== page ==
Stockett also reveals the economic impact of racism on African Americans, as they were relegated to menial jobs with low wages, perpetuating racial stereotypes about their supposed laziness and lack of intelligence. Consequently, many black residents of Jackson lived in abject poverty, inhabiting the poorest parts of the city. These conditions led to their participation in violent demonstrations, seeking change and equality.

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Different Types of Racism in "The Help"

"The Help" presents various forms of racism prevalent in Jackson during the 1960s. The white characters in the novel consistently exhibit hatred, scorn, and contempt towards African Americans, treating them as second-class citizens deprived of full rights and opportunities.

Overt Racism

Overt racism is openly displayed in "The Help" through the overt hostility and discrimination experienced by African Americans. This form of racism stems from the belief in racial superiority held by white individuals, leading to harmful actions and unjust treatment. Hilly Holbrook, a prominent figure in the white community, epitomizes overt racism. As the president of the Jackson Junior League, she presents herself as a charitable supporter of The Poor Starving Children of Africa while propagating racial segregation and degrading the black community. Her behavior towards her black maid, Minny, and Aibileen, who works for her friend Elizabeth Leefolt, is a testament to her prejudiced attitude. Hilly enforces strict racial segregation, attempting to pass a bill requiring separate bathrooms for black maids. Her condescending tone when speaking to African Americans and baseless accusation against Minny highlight her racist beliefs.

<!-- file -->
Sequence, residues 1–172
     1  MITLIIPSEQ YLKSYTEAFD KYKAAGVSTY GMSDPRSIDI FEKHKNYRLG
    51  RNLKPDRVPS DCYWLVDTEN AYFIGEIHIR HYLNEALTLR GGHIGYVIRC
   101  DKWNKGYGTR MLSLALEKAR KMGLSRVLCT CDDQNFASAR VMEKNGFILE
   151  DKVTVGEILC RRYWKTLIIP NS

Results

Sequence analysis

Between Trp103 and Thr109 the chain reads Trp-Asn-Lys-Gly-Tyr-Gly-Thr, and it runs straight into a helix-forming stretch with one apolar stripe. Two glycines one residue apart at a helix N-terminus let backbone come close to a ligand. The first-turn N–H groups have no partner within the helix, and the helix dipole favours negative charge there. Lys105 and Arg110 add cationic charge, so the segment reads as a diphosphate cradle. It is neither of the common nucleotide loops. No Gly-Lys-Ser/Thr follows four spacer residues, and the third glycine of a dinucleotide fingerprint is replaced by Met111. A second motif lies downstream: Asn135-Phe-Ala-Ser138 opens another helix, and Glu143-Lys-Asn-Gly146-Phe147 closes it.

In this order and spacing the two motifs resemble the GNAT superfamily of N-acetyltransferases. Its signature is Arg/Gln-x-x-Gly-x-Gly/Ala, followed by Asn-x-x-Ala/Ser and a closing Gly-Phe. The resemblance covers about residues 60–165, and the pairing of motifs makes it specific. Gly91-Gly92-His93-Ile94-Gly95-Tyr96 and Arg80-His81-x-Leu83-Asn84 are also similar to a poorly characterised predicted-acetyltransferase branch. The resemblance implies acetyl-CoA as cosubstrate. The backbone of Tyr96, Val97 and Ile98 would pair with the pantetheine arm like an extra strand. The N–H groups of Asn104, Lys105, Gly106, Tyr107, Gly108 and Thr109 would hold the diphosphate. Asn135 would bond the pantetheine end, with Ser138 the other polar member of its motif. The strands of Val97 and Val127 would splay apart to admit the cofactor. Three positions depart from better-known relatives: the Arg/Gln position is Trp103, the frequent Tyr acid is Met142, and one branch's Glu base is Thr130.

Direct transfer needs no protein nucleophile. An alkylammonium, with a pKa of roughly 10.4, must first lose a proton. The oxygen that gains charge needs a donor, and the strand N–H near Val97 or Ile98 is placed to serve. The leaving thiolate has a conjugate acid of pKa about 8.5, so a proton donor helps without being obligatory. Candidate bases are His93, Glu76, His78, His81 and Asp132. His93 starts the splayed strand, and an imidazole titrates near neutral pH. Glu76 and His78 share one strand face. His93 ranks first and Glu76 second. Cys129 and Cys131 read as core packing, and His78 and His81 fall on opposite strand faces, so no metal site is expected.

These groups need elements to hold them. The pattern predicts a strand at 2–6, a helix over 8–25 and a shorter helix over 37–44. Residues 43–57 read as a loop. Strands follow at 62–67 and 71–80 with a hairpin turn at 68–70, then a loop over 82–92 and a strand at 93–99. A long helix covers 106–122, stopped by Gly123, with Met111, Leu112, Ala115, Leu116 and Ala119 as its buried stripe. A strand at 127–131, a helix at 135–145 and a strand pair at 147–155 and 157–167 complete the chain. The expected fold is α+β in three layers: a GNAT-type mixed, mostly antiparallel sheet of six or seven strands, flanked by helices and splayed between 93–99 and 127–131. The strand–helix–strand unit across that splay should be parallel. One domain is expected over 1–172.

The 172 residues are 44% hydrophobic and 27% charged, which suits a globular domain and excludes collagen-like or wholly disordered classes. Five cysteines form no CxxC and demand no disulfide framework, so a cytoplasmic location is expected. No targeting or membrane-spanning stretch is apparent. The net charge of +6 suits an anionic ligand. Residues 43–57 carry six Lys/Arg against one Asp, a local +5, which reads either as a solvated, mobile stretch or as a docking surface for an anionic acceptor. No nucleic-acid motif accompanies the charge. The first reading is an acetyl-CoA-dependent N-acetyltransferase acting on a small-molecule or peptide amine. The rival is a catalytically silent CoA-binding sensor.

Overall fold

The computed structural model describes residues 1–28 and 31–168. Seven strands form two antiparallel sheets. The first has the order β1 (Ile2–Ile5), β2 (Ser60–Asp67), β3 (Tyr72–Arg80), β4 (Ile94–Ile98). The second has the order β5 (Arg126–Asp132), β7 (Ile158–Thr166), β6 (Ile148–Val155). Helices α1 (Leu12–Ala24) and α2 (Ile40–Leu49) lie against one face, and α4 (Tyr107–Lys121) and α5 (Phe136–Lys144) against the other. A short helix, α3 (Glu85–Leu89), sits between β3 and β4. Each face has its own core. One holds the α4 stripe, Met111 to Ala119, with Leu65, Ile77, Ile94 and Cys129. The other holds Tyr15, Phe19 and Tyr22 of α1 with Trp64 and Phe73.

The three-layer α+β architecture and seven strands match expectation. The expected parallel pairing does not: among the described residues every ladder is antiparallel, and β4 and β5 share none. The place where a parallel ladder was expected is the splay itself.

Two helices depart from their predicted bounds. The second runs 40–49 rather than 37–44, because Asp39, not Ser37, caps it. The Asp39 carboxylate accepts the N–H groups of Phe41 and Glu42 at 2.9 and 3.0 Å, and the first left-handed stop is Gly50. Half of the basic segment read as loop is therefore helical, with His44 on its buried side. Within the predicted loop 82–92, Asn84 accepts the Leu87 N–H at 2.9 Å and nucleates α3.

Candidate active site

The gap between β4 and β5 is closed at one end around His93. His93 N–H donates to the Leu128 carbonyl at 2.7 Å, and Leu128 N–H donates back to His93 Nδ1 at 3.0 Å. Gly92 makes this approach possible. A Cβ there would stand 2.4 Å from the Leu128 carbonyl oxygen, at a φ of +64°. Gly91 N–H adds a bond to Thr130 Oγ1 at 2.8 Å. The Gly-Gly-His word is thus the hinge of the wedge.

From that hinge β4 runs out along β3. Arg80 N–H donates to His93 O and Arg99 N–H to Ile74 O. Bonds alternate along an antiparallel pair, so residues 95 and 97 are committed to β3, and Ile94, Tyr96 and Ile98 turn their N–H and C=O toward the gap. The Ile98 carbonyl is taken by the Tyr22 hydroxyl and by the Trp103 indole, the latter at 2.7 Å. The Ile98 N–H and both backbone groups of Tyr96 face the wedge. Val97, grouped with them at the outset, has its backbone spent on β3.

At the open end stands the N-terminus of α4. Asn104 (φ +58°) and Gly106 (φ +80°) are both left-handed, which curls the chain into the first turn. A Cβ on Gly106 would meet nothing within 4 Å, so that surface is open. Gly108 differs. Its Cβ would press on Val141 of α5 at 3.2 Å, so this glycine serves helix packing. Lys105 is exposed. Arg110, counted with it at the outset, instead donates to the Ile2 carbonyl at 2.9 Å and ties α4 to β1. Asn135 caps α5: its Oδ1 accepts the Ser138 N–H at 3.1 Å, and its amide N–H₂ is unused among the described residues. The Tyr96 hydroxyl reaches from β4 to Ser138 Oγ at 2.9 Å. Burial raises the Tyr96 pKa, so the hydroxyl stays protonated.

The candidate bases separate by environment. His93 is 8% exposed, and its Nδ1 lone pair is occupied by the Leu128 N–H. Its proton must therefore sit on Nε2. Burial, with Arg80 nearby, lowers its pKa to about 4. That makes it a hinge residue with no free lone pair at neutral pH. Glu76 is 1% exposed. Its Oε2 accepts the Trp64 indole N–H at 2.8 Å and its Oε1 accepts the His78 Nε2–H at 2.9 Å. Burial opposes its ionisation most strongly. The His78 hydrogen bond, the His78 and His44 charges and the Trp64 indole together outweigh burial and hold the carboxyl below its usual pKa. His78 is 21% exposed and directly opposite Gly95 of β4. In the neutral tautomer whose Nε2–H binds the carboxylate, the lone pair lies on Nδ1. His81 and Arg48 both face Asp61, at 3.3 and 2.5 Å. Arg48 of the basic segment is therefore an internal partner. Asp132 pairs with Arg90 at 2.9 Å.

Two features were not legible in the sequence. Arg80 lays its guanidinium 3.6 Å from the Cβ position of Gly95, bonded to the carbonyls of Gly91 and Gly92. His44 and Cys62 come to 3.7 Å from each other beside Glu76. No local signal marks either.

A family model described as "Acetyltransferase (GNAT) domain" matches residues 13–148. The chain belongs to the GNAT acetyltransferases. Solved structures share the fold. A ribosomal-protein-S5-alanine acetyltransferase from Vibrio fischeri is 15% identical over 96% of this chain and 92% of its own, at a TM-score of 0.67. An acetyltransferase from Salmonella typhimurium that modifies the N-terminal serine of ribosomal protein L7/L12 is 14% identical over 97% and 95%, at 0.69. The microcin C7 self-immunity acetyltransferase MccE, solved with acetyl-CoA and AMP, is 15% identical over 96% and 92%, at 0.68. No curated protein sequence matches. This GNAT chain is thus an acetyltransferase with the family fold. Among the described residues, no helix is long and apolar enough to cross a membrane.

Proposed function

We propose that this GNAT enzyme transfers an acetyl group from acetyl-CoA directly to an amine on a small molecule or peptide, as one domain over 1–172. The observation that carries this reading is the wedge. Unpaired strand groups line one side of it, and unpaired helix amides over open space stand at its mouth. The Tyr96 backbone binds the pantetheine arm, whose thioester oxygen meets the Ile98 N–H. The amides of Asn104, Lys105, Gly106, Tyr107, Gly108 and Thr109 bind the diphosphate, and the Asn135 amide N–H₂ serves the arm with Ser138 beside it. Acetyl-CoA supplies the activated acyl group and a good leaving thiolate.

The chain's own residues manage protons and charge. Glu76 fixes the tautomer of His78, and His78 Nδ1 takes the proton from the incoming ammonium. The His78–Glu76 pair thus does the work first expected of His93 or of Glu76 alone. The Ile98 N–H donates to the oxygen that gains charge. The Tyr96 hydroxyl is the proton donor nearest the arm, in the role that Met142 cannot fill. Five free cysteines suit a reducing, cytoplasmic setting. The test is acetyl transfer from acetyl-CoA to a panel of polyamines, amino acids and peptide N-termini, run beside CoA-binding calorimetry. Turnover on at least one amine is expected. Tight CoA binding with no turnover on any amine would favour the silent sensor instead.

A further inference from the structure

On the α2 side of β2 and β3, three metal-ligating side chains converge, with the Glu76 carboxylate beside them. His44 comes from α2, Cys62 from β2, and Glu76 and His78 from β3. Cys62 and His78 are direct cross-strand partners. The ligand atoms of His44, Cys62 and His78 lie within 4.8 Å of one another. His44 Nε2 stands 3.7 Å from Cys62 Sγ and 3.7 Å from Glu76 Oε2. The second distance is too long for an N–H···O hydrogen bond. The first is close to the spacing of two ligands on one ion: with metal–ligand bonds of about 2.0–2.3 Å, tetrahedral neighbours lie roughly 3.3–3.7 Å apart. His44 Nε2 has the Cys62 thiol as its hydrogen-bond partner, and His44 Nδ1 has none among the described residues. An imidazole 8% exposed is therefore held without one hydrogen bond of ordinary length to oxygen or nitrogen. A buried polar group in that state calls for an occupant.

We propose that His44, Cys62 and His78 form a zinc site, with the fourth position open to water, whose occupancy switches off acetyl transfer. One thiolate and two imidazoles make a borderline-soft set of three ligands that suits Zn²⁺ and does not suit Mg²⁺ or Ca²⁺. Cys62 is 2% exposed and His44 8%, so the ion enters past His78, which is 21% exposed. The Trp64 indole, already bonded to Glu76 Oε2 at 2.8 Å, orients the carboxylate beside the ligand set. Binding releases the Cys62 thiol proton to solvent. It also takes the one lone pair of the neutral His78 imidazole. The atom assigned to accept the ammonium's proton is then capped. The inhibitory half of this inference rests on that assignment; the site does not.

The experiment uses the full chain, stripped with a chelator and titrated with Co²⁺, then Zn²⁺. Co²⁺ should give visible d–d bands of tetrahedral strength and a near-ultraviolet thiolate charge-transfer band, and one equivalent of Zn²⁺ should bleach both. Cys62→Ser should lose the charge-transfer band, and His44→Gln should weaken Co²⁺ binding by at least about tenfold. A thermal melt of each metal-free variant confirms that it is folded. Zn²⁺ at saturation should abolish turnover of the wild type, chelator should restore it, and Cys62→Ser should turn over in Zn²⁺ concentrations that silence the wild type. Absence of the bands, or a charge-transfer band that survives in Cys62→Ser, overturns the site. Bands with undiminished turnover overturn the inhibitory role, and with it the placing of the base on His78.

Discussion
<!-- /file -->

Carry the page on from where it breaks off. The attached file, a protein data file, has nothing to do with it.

Moreover, Elizabeth Leefolt, under Hilly's influence, blindly follows the racial prejudices of the white community. Her daughter, Mae Mobley, is taught early on to fear African Americans, reinforcing the cycle of racism passed down through generations. The novel also depicts instances of violence perpetrated against African Americans, further illustrating overt racism's destructive impact on their lives.

Institutional Racism

"The Help" also delves into institutional racism, which operates more subtly within social institutions, often going unnoticed by those unaffected. This form of racism results in unfair treatment and unequal opportunities for non-white individuals within institutions such as schools, media, and the government. The mistreatment faced by black maids in white households exemplifies institutional racism. For instance, Aibileen, who works for Elizabeth Leefolt, faces discriminatory treatment and low wages despite raising seventeen white children. Institutional racism perpetuates negative stereotypes, limiting job opportunities for African Americans and trapping them in menial and poorly paid positions.